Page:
And they talk to each other. A lot. Unlike traditionally-published authors who are muzzled by their publisher contracts, successful indies share data all the time, both at the financial level, and at the how-to level. When a new distributor enters the market, they all hear about it.
This spreading of the word will also happen as library channels become more available and more suitable for indies to penetrate. For many of us, it’s the last frontier.
In my opinion, the high-end indies fall into four classes regarding library participation. There are some concerns about DRM, but indies are sympathetic to non-DRM arguments and many, possibly the majority, offer their retail ebooks DRM-free. (The folks at Author Earnings would actually know the answer to that question, and will respond if asked.)
Enough said. Amazon is such a large percentage of an indie’s earnings that the temptation to remain exclusive for ebooks can be hard to overcome. It’s a constant debate area in discussion groups.
While print is not exclusive in the same way, few authors with ebook exclusivity on Amazon bother to distribute print editions widely either.
For audiobooks, this can be complicated. ACX/Audible (owned by Amazon) has both exclusive (and sometimes subsidized) and non-exclusive contracts. Because of the expense of an audiobook production, some authors who are not exclusive on Amazon for their ebook editions may still be exclusive for their audiobook ones.
Some indies don’t see libraries as a separate channel from retail and worry about the competition of a “free to the reader” product. This is another debate area in discussion groups, but since the library channels aren’t mature yet for indies, it’s a background issue.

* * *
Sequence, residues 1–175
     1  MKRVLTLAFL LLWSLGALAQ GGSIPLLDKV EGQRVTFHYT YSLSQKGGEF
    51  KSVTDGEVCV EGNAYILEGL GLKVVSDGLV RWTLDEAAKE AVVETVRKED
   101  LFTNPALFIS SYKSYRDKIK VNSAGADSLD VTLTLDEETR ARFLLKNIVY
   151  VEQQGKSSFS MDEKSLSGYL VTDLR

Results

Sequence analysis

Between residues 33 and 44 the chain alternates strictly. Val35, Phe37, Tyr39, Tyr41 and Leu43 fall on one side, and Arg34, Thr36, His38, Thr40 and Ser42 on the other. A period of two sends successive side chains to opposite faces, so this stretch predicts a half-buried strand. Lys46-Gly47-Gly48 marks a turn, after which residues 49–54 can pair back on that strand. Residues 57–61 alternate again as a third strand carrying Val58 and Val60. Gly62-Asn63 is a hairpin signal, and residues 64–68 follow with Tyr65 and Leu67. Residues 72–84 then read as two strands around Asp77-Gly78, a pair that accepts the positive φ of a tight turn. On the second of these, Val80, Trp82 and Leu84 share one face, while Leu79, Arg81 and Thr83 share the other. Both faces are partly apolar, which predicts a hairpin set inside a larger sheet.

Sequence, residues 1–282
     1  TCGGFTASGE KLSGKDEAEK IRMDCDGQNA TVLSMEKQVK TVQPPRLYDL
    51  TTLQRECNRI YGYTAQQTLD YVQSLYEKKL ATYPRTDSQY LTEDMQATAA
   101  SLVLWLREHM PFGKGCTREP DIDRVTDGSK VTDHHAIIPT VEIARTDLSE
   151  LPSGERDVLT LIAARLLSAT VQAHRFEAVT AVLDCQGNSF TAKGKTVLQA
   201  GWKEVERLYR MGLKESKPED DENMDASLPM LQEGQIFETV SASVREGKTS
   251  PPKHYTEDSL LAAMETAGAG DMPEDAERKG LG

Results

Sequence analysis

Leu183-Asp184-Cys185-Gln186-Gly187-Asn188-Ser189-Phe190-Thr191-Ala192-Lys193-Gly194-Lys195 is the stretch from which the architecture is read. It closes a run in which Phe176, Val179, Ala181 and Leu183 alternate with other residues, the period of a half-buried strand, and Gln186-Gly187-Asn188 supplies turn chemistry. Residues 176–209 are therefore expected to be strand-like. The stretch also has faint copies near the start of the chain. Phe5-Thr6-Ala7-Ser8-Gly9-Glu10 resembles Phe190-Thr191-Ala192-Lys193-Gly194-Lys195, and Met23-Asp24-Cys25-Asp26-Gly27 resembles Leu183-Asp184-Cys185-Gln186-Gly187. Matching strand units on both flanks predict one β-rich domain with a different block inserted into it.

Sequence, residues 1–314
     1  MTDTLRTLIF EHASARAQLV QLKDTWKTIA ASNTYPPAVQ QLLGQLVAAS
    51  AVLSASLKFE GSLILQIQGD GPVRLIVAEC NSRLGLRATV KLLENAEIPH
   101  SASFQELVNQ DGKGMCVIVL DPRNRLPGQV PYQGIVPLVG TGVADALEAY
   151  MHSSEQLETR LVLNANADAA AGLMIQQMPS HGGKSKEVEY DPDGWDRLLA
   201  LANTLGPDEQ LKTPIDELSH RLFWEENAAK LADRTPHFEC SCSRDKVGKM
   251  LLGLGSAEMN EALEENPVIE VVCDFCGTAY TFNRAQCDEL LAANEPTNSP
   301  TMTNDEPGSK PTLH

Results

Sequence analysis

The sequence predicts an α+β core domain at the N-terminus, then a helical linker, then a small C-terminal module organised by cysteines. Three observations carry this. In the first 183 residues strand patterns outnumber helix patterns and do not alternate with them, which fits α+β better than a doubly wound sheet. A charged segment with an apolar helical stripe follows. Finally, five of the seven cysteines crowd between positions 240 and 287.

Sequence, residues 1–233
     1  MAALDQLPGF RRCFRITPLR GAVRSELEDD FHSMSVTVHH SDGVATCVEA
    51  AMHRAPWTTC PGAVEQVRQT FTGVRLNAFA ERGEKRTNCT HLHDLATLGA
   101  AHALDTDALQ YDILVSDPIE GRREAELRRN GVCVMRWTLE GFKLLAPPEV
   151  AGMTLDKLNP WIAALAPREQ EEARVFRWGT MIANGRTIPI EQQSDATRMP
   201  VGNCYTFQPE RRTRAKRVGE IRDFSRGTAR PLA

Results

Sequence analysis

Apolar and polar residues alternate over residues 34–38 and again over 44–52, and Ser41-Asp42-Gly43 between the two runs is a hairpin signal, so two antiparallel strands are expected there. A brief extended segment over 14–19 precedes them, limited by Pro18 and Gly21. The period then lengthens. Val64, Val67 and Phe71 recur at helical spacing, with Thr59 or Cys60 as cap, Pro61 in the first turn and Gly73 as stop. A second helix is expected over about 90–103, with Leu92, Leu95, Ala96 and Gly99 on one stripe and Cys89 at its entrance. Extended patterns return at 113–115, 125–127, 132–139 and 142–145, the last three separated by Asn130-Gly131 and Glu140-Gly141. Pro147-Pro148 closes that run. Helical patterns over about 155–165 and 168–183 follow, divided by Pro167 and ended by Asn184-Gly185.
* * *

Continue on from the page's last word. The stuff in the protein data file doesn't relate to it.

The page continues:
While ebooks have no per-unit cost, print editions cost money to produce. Audiobooks are complex: streaming is digital (no per-unit cost), but CDs cost money.
Opinions here range from “I’d like to recoup my out-of-pocket expense” to “pay me the retail price”, with variations.
NOTE: There does not seem to be any widespread call for an amortization model, with an inflated price for a library edition or an expiration after a certain number of checkouts. Indies, when they first hear of these practices from traditional publishers through their library channels, are much more typically outraged than envious.
A certain class of indies looks at libraries as a marketing channel and is happy to provide free ebooks widely to libraries. In many cases, these indies are also happy to provide actual print and audiobook editions to a small group of local libraries, as a marketing expense/community donation.
Library distribution is still a very immature distribution channel for indies.
Today there are excellent print and ebook distribution partners for indies, and it’s only getting better. Audiobook partners (for the minority which are not exclusive to ACX) have a more limited reach, but that’s growing.
As far as I know, access to libraries today is solely through wholesale distributors such as Overdrive and Baker & Taylor. These companies do not deal with indies directly. To reach them, an indie must first be distributed by someone else who partners with them, such as Ingram, Draft2Digital, Smashwords, and others.
I haven’t heard of anyone who’s getting any useful traction here. Occasional sales will turn up in reports, but the author can’t tell who the purchasing library is, and has no impact upon the marketing.
Indies who donate ebooks to local libraries discover that the libraries have no way to integrate them into their systems. Even when indies donate print editions, we know that some libraries send them straight to their library drive sales bins without ever entering them into the library system (libraries and bookstores are still sometimes healthy bastions of “who wants an indie book?”).
One new venture has entered the market: SELF-e.
From an indie perspective, this falls into the “free giveaway” model for ebooks and thus only fits the last of the four classes listed above. That makes it controversial for some indies.